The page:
Coronavirus: the psychological illnesses that can be triggered by Covid
New study finds that one in five patients infected with the virus go on to suffer from mental disorder
Almost 20% of coronavirus patients are diagnosed with a psychiatric disorder or mental health issue within three months of testing positive for Covid-19, a new study has found.
The research, outlined in a paper in The Lancet, adds to the growing list of “long Covid” symptoms being reported. Experts have warned that “action is needed to mitigate the mental health toll” of the global pandemic, says The Guardian.
Researchers from the University of Oxford and NIHR Oxford Health Biomedical Research Centre analysed the health records of almost 70 million people in the US and found that nearly one in five who had tested positive for the new coronavirus were then diagnosed with a mental illness within 14 to 90 days.
The analysis included data on “more than 62,000 cases of Covid-19 that did not require a hospital stay or an emergency department visit”, The Guardian reports.
The study also found that the correlation between mental illness and coronavirus goes both ways: people with professionally diagnosed pre-existing mental health disorders were about 65% more likely to be diagnosed with Covid-19 than people without.
It is “unclear exactly why” people suffering from mental health issues are more likely to be infected, says NPR. “The study controlled for certain factors, including physical risk factors and those who were having serious housing and economic difficulties – but the risk persisted.”
“This finding was unexpected and needs investigation,” said lead study author Dr Maxime Taquet, an academic foundation officer at Oxford. “In the meantime, having a psychiatric disorder should be added to the list of risk factors for Covid-19.”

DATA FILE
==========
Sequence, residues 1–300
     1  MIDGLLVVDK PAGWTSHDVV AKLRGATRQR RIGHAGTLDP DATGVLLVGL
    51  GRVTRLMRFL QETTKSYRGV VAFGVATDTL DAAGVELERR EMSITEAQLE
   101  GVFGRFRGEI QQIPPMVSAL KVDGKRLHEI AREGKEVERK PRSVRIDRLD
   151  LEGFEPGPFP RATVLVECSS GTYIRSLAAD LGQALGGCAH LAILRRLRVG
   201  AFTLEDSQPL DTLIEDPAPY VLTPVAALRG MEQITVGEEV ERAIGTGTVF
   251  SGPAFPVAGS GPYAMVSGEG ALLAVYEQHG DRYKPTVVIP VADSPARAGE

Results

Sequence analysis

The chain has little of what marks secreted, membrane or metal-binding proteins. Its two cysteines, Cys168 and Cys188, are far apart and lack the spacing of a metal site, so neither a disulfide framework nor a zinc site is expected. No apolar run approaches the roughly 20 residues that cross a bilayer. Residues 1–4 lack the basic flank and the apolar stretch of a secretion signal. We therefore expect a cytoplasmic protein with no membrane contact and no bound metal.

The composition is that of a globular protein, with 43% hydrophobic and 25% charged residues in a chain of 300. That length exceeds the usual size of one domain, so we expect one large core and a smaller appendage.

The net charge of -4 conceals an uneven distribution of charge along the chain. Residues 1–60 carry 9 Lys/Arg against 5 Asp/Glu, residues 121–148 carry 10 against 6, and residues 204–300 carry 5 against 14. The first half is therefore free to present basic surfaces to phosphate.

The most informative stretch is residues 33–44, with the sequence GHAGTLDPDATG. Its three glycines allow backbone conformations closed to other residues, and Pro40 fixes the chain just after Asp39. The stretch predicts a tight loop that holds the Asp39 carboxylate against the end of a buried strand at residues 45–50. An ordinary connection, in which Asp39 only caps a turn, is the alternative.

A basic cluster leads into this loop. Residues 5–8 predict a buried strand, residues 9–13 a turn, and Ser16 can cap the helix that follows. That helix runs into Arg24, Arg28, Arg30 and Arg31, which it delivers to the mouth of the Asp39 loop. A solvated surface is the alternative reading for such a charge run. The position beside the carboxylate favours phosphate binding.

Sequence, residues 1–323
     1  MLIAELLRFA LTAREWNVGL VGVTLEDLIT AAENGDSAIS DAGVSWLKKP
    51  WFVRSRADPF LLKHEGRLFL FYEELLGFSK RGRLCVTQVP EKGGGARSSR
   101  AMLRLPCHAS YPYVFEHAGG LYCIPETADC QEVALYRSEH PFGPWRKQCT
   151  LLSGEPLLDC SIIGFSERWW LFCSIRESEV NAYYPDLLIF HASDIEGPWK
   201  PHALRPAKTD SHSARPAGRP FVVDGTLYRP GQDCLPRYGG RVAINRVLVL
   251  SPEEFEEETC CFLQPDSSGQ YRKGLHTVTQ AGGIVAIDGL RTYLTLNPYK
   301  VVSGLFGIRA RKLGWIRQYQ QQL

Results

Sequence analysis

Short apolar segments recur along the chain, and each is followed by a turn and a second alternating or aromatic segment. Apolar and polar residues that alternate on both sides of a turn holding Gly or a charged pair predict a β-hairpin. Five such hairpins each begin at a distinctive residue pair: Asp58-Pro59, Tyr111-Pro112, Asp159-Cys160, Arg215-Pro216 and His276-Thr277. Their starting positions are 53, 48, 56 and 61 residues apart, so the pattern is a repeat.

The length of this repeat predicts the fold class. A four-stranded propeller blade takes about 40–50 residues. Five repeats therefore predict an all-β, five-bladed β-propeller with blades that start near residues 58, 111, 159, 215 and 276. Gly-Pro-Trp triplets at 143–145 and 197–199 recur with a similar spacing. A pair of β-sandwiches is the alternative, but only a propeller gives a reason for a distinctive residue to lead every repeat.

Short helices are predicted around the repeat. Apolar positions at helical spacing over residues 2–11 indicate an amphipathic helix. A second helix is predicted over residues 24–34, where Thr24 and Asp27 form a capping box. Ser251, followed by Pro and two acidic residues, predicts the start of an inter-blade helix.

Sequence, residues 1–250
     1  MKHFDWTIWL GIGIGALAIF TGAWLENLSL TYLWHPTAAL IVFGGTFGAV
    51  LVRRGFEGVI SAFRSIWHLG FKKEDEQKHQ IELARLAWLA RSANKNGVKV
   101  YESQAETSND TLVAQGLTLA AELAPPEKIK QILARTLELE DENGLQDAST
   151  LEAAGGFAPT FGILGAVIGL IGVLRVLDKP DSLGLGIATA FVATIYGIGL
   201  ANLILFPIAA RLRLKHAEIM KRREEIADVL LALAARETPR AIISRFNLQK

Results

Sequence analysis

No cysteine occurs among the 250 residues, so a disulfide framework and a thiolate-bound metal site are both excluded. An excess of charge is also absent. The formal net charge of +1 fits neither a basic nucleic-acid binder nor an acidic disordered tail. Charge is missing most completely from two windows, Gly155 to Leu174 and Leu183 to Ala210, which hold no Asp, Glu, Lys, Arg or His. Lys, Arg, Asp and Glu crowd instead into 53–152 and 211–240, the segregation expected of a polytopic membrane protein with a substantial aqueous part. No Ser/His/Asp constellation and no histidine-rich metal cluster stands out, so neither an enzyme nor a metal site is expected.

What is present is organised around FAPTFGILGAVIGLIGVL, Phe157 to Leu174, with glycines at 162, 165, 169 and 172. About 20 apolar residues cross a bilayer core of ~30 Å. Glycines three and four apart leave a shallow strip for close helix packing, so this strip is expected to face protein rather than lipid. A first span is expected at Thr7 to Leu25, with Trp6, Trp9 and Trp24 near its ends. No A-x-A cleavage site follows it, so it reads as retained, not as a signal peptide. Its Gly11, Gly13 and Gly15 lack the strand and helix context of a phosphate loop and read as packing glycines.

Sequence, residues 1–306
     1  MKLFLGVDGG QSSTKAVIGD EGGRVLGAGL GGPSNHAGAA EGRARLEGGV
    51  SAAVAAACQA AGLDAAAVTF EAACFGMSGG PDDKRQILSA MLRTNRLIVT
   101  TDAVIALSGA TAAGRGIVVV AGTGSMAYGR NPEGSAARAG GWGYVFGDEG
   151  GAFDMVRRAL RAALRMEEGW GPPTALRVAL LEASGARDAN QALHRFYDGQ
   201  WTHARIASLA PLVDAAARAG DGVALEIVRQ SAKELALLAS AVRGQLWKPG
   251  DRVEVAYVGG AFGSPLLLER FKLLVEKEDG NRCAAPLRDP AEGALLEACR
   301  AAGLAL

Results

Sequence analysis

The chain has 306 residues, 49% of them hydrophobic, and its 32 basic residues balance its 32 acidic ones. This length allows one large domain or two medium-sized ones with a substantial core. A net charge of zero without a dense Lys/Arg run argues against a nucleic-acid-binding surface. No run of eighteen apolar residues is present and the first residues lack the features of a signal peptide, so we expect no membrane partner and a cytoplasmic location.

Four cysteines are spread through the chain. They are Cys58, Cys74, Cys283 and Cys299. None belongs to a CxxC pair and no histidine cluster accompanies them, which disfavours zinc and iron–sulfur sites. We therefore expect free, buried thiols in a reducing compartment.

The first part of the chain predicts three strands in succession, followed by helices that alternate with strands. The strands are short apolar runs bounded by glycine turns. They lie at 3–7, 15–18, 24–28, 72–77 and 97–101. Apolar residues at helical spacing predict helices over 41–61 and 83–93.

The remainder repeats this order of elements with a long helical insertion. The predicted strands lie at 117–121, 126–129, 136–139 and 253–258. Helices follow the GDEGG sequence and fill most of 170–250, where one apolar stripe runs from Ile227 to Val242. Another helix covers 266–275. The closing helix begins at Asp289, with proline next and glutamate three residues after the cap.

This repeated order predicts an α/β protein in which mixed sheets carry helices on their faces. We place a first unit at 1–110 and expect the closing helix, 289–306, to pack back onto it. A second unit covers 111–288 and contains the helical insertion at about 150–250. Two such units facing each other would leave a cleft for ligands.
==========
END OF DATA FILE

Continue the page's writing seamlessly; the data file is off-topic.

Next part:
Spotting the symptoms
Psychiatry professor Paul Harrison, who co-authored the study, suggests that while a global pandemic will cause a heightened sense of anxiety in many people, something more severe than circumstancial mental health issues lies behind the research findings.
The study was based on data covering “just the first three months” of the health crisis, Harrison told NPR. “We of course don’t know, in longer-term follow-ups, whether these risks will go on increasing - or whether once you get to three months, then the risks after you’ve had Covid really go back to the baseline risks that all of us experience.”
Experts say that symptoms to look out for in the wake of a coronavirus diagnosis include anxiety, post-traumatic stress disorder, depression and insomnia.
“We’re seeing a lot of anxiety, a lot of fear, a lot of sadness, a lot of sense of isolation,” said Lauri Pasch, a clinical psychologist at the University of California who has been working at a rehabilitation clinic for patients who’ve been hospitalised for Covid.
The new study also found that coronavirus sufferers are significantly more likely to receive a diagnosis of dementia within three months of testing positive.
However, Harrison stresses that no direct link between the coronavirus and mental health issues has been established. He notes that, for instance, some people people affected by the virus may already have been developing dementia, but were only diagnosed for that condition after seeking medical help for Covid-19 symptoms.
“It’s not at all implausible that Covid-19 might have some direct effect on your brain and your mental health,” he said. “But I think that, again, remains to be positively demonstrated.”